Alvarez immediately apologizes to Astros manager Dusty Baker in the dugout when he’s lifted for pinch runner Chas McCormick. Later, Alvarez apologized to the entire team in the clubhouse. Alvarez still seems a little distraught about it when he meets with reporters after almost everyone else has already gone home.
“Obviously, we won the game, so that’s going to help me sleep a little bit better at night tonight,” Alvarez says in Spanish.
Yes, Kyle Tucker can even be a sleep aid.
Then again, these now 15-11 Astros are all about helping one another. Tucker picks up Yordan Alvarez, who almost wins the game for closer Ryan Pressly — who returns from a three week injury absence by giving up a game-tying, two-out, two-strike, two-run homer in the top of the ninth inning — leading off the bottom of the ninth.
This is what these Astros of Jose Altuve and Dusty Baker do. Fight for each other. Step in when one of them needs a little lift.
“This is probably the most together team I’ve been on,” Baker says. “Especially in a short period of time like this.”
Kyle Tucker and Michael Brantley’s Bond Personifies These Together Astros
These Astros have been bonded through being made the face of the electronic sign stealing era by Major League Baseball. Bonded by being branded as villains in every ballpark in America but Minute Maid. And now, even with some of that furor dying down and that Yankees letter out, the bonds are only growing.
There’s Uncle Mike, the 14-year MLB veteran, chasing after the 25-year-old Tucker with some ice. There are the Astros coming together again on a night when Alvarez probably gained even more respect in the clubhouse by immediately owning up to his mistake and apologizing to everyone he could for failing to run.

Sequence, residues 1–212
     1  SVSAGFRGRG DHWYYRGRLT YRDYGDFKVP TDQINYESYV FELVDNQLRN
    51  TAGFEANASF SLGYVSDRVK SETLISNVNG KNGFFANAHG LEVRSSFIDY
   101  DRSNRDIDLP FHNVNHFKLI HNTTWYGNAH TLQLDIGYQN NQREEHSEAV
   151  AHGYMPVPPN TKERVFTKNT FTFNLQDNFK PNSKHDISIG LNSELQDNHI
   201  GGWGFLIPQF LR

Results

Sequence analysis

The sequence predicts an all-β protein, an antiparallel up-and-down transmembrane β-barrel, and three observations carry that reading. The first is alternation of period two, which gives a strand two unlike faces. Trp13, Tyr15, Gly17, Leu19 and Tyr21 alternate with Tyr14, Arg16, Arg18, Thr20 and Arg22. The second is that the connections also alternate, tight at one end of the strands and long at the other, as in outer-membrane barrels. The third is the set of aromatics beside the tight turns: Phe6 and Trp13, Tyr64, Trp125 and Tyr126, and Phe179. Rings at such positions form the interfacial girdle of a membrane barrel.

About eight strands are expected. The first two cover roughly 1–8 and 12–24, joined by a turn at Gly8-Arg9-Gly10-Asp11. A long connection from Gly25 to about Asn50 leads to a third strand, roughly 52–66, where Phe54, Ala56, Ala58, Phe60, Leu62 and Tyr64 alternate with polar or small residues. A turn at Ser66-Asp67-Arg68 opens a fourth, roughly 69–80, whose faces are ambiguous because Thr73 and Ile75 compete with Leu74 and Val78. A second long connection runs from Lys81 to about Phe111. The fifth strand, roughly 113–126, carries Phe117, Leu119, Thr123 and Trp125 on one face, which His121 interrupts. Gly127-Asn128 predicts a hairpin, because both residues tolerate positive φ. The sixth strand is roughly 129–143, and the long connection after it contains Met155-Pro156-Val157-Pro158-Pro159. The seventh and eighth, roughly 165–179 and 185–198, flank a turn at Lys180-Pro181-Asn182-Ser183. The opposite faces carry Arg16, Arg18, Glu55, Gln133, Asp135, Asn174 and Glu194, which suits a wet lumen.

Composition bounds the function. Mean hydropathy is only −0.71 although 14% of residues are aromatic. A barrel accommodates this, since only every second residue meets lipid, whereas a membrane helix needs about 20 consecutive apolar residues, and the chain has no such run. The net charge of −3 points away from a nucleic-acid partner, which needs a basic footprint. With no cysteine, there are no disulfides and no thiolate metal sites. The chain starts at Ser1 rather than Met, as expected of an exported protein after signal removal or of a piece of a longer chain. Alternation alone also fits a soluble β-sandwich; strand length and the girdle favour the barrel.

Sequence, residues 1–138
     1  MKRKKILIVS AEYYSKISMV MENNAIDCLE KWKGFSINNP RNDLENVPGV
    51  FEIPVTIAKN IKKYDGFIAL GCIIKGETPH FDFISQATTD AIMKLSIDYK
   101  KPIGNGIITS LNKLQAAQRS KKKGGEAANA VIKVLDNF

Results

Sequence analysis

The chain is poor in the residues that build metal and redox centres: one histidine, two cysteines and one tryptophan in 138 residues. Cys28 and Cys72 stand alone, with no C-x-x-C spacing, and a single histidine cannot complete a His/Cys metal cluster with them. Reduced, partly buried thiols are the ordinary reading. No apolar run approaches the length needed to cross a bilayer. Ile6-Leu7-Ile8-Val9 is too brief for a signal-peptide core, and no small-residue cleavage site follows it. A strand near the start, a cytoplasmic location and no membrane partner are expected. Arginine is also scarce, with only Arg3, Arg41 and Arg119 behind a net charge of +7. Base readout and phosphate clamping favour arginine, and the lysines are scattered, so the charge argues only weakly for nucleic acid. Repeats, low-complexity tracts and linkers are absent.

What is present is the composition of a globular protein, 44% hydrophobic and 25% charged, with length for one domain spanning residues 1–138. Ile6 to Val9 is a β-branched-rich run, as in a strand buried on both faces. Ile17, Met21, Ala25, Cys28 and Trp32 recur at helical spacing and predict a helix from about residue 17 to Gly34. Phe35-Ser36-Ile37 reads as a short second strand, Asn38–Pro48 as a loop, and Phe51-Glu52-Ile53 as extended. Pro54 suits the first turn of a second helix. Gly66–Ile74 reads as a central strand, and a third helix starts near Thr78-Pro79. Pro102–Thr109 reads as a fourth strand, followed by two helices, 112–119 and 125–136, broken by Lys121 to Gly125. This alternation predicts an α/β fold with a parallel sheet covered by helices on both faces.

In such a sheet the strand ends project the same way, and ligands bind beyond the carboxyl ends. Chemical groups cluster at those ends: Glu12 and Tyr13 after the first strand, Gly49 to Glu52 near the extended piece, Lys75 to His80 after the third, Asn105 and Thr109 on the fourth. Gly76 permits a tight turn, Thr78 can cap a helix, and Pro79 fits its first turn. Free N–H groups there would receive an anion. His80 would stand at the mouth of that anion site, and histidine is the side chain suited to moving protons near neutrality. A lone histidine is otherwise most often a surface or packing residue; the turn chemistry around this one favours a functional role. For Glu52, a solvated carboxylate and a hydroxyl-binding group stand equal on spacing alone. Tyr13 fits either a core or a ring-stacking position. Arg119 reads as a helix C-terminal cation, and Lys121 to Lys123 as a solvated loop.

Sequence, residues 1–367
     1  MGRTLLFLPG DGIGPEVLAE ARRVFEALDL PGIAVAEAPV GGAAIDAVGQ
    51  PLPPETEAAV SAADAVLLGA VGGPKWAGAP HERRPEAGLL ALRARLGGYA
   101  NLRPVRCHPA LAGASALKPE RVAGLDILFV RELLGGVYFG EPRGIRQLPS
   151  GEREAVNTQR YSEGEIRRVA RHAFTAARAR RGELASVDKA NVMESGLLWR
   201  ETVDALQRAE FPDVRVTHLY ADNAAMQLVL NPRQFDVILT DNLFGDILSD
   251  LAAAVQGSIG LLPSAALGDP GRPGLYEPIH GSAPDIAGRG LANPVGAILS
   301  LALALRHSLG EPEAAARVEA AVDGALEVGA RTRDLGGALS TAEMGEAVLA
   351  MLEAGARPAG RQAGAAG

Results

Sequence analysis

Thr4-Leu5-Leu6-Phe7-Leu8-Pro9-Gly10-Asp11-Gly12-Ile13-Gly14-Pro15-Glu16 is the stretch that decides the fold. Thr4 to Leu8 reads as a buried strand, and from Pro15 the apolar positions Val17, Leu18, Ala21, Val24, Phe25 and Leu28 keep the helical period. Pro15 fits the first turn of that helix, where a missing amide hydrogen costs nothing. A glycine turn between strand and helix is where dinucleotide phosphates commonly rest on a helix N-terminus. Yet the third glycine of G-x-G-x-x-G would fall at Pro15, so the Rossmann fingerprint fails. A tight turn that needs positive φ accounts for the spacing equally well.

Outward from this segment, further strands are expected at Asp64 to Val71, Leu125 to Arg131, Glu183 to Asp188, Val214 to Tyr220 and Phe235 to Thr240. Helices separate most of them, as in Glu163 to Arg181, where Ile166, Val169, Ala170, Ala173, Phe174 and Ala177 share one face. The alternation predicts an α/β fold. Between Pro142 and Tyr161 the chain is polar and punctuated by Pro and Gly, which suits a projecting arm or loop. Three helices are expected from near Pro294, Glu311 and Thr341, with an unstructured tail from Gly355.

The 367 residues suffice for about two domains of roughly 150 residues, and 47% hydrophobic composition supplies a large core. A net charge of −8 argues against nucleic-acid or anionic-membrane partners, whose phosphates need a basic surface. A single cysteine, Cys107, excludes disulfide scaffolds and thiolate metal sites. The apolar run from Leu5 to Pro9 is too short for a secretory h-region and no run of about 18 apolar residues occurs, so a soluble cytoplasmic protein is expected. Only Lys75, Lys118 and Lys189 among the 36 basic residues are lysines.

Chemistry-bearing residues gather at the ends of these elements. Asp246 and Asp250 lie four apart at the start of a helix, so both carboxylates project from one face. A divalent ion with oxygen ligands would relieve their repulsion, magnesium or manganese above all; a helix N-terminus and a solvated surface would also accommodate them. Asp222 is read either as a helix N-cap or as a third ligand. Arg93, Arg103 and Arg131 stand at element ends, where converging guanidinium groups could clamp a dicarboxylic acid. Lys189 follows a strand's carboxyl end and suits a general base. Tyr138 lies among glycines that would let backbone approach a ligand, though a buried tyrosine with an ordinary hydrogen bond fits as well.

“Baseball is a game, like life, that teaches you lessons sometimes,” Baker says, who’s now up to 2,002 career wins just two nights after reaching 2,000. “So that probably won’t happen again. I’m glad that we won the game. We all thought it was gone. But the ball’s not gone until it disappears over the fence.
“(Alvarez) learned a lesson. He would have really felt bad had we lost that ball game.”
Instead, thanks to Tucker and Yuli Gurriel, who follows Alvarez’s long drive single by working a walk off Soto, the music is thumping in the Astros’ clubhouse at the end of the night. And the Astros look like the Astros.
Another walkoff celebration at Minute Maid. Another little four game winning streak. Another Jose Altuve leadoff home run. And even another mammoth home run from wonder rookie Jeremy Pena.
This time, Pena blasts a shot that soars over the high left center field wall and well past the large white Phillips 66 Home Run pump and into the concourse. Some of Elon Musk’s rockets barely travel this far.
Pena seems to be rapidly on his way towards joining Tucker and Alvarez as one of the Astros’ young core hitters. And who would have ever thought that would be the case for the guy replacing Carlos Correa little more than month into his rookie season?
“He’s been aggressive at the plate,” Baker says of Pena. “I had a talk to him about that. He is an intelligent young man. He takes to coaching.”
Welcome to the new Astros world. Could it be even more talented than the old Astros world?
“This is probably the most together team I’ve been on.” — Astros manager Dusty Baker
Either way, Kyle Tucker is certainly a big part of it. He leaves this game with his white jersey and white pants both caked with streaks of dirt. Which is how Kyle Tucker leaves most baseball games he plays. Tucker may always seem to be as a calm as a priest in a confessional, but he plays the game hard.
And in a winning way.
“We put up some pretty good ABs between Yordan, Yuli and I,” Tucker says afterwards. “And it worked out well for us.”
In his earlier on-field TV interview with AT&T SportsNet reporter Julia Morales, Tucker keeps looking over to the side, wary of — and almost expecting — another ice attack from Brantley. Tucker feels cold enough. In actual temperature. Not demeanor.
No worries for Tucker, though. Uncle Mike’s already done his team building for this night. And there are few worries for these together Astros now.